World stock markets mostly rose Monday as investors priced in the near-certainty of a US rate rise this week following a forecast-busting US jobs report.
But enthusiasm was muted by uncertainty surrounding a Dutch election this week and the shape of Britain's exit from the EU.
The pound advanced amid speculation that Britain could trigger as soon as Tuesday the formal process for exiting the European Union.
"The anticipation of a busy week ahead including the possible triggering of Article 50, a potential populist revolt in the Dutch national election and a likely US interest rate hike meant there was a slow burn in markets," said Jasper Lawler, senior market analyst at London Capital Group.
Sterling held onto its gains despite the announcement by Scotland's nationalist government of plans for another independence vote.
-Fed rate hike coming -
In the United States, Friday's employment report reinforced a long-running belief the world's top economy was on a strong growth track and focus now is on the conclusion of the central bank's two-day policy meeting on Wednesday.
US stocks finished near flat, but airline shares tumbled as United Continental (NYSE: UAL - news) , Delta Air Lines (NYSE: DAL - news) and other carriers canceled thousands of flights in anticipation of a major snowstorm in the northeastern part of the country.
The expected whiteout competed for attention with the Federal Reserve, which is widely seen as poised to increase in the benchmark lending rate after a string of strong data.
"The market is expecting a rate increase," said David Levy, portfolio manager at Republic Wealth Advisors.
"But more importantly, the market is trying to understand from the Fed what the rest of the year in future rate hikes may potentially look like."
The dollar wobbled Monday as some traders took out their profits before the Fed meeting.
"Markets are already fully priced for a Fed rate hike on Wednesday," said Janu Chan, a senior economist at St George Bank in Sydney.
Most stock markets in Asia started the week on a high -- tracking all three main Wall Street indices -- after the Labor Department on Friday said the US economy created 235,000 new jobs in February, much more than estimated.
- Oil under pressure -
Oil prices continued under pressure, with the main US futures contract losing ground again, extending last week's losses of about nine percent.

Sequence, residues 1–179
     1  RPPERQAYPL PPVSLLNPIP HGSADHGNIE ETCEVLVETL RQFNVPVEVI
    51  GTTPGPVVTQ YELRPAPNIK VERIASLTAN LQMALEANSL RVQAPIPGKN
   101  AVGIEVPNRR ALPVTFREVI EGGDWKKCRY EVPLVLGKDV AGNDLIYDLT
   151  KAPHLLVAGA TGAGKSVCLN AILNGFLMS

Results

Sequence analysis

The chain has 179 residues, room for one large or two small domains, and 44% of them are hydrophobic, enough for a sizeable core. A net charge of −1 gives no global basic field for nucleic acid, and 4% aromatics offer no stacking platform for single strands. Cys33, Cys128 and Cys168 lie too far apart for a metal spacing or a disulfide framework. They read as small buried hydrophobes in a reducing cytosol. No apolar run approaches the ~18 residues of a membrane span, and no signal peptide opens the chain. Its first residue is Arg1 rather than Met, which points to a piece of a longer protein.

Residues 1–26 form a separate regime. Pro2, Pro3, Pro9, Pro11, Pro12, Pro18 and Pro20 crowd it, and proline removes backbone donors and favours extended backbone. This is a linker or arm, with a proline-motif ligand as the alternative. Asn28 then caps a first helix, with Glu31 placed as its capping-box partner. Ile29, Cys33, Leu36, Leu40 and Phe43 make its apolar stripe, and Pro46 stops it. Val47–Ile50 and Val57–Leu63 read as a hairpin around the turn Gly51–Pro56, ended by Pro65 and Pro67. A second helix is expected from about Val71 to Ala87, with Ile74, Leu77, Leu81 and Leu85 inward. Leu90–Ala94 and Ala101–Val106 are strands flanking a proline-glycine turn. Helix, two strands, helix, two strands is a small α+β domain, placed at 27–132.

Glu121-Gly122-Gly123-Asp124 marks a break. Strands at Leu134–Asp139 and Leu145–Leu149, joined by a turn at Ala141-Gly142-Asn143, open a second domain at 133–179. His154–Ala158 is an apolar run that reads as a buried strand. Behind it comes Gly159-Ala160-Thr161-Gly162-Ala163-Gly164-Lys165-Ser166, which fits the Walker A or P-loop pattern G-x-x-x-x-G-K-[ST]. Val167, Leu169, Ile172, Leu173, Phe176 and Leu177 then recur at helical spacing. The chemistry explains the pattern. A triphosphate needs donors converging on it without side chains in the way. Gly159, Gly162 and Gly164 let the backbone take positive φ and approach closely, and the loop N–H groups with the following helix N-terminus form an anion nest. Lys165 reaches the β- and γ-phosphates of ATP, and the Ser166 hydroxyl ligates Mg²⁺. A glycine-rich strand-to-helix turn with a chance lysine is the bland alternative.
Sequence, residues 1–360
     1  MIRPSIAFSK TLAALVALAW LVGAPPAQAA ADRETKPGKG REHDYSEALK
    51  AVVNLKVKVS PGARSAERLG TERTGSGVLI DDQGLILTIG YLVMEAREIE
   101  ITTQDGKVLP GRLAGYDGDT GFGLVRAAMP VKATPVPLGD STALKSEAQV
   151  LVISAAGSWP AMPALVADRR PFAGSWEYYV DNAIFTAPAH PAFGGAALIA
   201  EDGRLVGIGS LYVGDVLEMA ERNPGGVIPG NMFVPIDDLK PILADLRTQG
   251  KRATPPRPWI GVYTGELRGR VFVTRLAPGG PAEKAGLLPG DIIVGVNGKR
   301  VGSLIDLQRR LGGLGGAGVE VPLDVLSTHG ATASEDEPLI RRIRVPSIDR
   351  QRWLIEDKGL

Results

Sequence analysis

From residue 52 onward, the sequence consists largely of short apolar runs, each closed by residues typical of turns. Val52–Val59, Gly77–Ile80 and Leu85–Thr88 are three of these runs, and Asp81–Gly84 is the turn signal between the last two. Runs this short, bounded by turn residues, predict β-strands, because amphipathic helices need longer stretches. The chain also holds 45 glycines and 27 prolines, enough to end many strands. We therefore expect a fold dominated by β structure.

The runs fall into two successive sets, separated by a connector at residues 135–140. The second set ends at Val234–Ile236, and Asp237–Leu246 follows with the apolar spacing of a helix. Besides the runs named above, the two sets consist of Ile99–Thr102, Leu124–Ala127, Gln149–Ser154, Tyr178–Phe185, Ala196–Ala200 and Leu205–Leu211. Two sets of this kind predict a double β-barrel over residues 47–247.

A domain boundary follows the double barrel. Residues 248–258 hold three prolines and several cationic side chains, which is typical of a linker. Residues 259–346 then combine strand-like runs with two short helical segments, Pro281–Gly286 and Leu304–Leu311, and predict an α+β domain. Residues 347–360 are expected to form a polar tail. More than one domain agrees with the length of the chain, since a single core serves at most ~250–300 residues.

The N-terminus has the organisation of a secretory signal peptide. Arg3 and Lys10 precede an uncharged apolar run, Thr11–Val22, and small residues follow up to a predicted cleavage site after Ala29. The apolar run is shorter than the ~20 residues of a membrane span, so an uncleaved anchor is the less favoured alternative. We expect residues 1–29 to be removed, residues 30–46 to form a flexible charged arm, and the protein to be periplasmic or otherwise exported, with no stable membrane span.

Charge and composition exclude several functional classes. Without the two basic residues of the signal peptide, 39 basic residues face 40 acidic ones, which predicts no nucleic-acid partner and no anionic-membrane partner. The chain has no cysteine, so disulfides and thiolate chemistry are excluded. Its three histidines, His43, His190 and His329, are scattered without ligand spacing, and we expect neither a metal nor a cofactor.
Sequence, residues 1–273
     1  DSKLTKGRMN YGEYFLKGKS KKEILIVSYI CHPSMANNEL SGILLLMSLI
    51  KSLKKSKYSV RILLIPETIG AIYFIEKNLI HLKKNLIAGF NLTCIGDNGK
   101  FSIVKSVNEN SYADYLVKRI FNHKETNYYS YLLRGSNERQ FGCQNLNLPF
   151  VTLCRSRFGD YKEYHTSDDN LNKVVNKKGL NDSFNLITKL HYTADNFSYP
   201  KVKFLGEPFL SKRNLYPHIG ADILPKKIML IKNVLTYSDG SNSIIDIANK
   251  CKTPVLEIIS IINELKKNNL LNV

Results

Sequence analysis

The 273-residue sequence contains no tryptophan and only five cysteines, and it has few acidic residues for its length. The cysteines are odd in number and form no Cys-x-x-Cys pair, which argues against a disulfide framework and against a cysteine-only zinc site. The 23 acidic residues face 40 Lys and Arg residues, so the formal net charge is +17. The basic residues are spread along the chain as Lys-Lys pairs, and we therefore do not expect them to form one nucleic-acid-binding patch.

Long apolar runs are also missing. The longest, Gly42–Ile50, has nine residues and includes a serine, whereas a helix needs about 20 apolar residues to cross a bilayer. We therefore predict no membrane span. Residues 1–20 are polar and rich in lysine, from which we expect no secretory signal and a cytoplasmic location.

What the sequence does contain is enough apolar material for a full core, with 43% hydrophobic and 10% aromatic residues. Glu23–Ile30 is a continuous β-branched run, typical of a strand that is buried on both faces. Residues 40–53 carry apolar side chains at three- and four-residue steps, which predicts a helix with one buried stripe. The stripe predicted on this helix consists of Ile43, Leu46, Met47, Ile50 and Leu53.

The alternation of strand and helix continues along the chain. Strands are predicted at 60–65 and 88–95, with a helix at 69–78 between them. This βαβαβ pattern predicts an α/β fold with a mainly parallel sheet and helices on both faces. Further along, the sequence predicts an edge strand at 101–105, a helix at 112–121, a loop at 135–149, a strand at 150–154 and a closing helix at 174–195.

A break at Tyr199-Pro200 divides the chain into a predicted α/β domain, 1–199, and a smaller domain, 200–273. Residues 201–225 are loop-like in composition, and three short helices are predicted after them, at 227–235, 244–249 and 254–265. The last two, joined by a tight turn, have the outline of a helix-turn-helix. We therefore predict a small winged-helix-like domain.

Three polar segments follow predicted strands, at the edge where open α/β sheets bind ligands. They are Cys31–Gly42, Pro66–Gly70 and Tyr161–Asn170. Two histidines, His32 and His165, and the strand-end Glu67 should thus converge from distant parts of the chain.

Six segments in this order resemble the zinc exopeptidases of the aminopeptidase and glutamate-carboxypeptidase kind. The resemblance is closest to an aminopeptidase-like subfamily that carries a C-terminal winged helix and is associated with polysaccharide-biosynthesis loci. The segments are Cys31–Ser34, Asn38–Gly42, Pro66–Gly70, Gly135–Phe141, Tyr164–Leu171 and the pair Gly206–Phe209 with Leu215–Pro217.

Investors are nervous because of a surprisingly big jump in US stockpiles, increased US shale production and concerns about implementation of a OPEC-Russia led deal to cut output .
"For all the somewhat hopeful talk from industry experts about oil inventories running down later in the year, the fact remains that US shale has come back harder, faster and cheaper than anyone could have imagined," said Jeffrey Halley, senior market analyst at Oanda trading group.
"Talk is cheap, and oil is getting cheaper as well."
Among individual stocks, Dow member Intel (Euronext: INCO.NX - news) dropped 2.1 percent after the company said it would buy Israeli car technology firm Mobileye (EUREX: MOEF.EX - news) a deal worth more than $15 billion.
But Mobileye shares, also quoted on Wall Street, surged by a whopping 28.2 percent.
- Key figures around 2030 GMT -
New York - Dow: DOWN 0.1 percent at 20,881.48 (close)
New York - S&P 500: UP less than 0.1 percent at 2,373.47 (close)
London - FTSE 100: UP 0.3 percent at 7,367.08 points (close)
Frankfurt - DAX 30: UP 0.2 percent at 11,990.03 (close)
Paris - CAC 40: UP 0.1 percent at 4,999.60 (close)
EURO STOXX 50: UP less than 0.1 percent at 3,417.62
Tokyo - Nikkei 225: UP 0.2 percent at 19,633.75 (close)
Hong Kong - Hang Seng: UP 1.1 percent at 23,829.67 (close)
Shanghai - Composite: UP 0.8 percent at 3,237.02 (close)
Euro/dollar: DOWN at $1.0654 from $1.0672
Pound/dollar: UP at $1.2224 from $1.2169
Dollar/yen: UP at 114.84 yen from 114.78 yen
Oil - Brent North Sea: DOWN 2 cents at $51.35 per barrel
Oil - West Texas Intermediate: DOWN 9 cents at $48.40 per barrel